By modifying the occlusal distance between the upper and lower dental jaws inside the oral cavity, the occlusal splint, an intraoral device that can change its therapeutic qualities, is also used to treat transient mandibular joint diseases, as shown in Fig.14. In the conventional method, metal joints are framed using different imprint trays to obtain tooth structure and create a manufactured model to produce splints. Inter-occlusal wax dentition for the upper and lower jaws is created using working models, and alginate impressions are used to cast the dental teeth to mark them. This approach is expensive and produces mistakes in the creation of castings or impressions [108].

        4. CUSTOM TRAYS

          Figure 14. Occlusal splints/ aligner

          Using the custom trays, an implant imprint is taken to create prostheses for precise edentulous impressions with good support, stability, and restored function to safeguard the health of oral tissue. For taking precise impressions, impression trays must be flexible and securely fixed in the mouth. It should have a uniform thickness and enough space for imprinting ingredients. The fabrication method for the custom trays depicted in Fig.15 uses CAD software and 3D printers along with a straightforward application for design analysis. The 3D printers perform multiple tasks to improve their efficiency of workflow with simplified denture supports to take an accurate impression to complete the edentulous patients [109]. The custom trays must meet the requirement of bonding strength between the trays and imprinting material with the human body [110]. An important indicator is the precision of custom trays. The space set aside for the impression materials is precisely controlled with only a small amount of deviation when using custom 3D printing trays, improving accuracy and reproducibility. In comparison to traditional hand-made custom trays, custom trays offer a considerable improvement in accuracy with a suitable range of extensions and a more homogeneous 3D area of the impression material.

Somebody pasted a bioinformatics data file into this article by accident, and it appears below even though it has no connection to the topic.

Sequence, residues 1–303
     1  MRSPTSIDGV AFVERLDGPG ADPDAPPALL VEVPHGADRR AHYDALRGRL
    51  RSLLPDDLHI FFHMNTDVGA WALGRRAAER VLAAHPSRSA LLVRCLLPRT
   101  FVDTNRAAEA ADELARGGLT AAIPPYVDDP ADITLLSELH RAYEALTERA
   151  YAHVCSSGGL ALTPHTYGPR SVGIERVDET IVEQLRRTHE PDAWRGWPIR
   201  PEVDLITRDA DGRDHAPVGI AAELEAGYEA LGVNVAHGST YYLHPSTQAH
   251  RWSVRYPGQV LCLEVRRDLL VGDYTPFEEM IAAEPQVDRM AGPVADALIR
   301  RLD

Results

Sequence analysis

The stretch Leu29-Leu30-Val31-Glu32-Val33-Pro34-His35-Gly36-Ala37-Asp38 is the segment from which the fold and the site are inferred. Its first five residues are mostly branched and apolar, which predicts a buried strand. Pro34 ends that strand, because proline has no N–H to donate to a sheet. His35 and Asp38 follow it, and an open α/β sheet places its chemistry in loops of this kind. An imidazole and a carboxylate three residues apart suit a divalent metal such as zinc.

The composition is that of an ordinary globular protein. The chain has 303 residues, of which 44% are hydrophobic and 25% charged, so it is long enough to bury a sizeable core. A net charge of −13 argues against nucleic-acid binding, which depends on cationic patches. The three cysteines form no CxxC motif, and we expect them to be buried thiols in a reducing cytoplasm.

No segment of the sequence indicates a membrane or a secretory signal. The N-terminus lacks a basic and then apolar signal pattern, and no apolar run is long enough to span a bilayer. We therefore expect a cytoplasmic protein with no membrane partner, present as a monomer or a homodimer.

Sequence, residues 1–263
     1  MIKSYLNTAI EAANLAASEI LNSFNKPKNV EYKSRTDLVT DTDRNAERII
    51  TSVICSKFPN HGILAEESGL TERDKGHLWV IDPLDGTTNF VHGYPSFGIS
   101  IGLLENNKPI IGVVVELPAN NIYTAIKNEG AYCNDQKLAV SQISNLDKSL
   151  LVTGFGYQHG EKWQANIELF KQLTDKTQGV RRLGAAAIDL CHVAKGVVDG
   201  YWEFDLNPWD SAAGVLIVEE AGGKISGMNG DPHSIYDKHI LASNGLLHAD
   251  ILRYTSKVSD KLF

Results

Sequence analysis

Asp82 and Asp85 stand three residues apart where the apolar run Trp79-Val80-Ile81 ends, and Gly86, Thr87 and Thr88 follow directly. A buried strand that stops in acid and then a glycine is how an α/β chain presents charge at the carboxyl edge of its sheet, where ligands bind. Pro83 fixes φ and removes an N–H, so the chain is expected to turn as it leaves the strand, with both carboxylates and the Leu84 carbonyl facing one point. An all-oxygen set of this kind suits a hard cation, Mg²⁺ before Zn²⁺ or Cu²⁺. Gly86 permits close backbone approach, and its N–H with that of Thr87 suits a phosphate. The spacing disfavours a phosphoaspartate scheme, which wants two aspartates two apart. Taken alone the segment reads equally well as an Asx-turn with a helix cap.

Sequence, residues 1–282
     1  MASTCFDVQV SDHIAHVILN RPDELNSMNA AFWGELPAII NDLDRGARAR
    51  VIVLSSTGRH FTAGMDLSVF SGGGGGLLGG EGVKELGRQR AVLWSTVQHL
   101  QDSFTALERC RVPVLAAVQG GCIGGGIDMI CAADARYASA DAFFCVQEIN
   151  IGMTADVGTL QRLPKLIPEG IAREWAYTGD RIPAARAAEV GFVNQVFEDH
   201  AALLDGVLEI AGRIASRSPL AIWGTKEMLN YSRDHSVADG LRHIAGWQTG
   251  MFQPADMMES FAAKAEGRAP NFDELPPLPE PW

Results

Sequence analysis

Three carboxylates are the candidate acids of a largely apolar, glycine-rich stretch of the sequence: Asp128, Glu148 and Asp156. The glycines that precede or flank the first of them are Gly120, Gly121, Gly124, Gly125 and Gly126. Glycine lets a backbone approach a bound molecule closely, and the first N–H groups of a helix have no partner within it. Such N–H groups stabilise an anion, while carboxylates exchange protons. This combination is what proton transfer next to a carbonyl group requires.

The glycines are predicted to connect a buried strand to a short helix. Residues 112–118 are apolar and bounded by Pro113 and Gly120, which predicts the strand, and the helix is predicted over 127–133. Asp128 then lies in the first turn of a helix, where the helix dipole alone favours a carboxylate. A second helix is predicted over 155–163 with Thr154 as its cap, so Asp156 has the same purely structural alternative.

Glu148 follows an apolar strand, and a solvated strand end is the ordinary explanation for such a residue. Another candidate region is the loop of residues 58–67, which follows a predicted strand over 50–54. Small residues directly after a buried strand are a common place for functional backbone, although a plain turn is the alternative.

Figure 15. Custom tray for a complete-arch open impression by FDM

          The printing procedure should be completed in a shorter amount of time to produce correct impressions since the impression materials will prevent distortion during casting [111]. Custom trays, which are becoming more and more popular, can be created using 3D printing thanks to their high precision, quick processing time, ease of programming, and personalization. Almost all printing work in the creation of custom trays can be done by equipment with the aid of CAD software and 3D printers. The versatility of three-dimensional printers allows for increased productivity. Therefore, for patients who are completely edentulous, 3D printing technology can streamline the process of creating direct implant-supported dentures.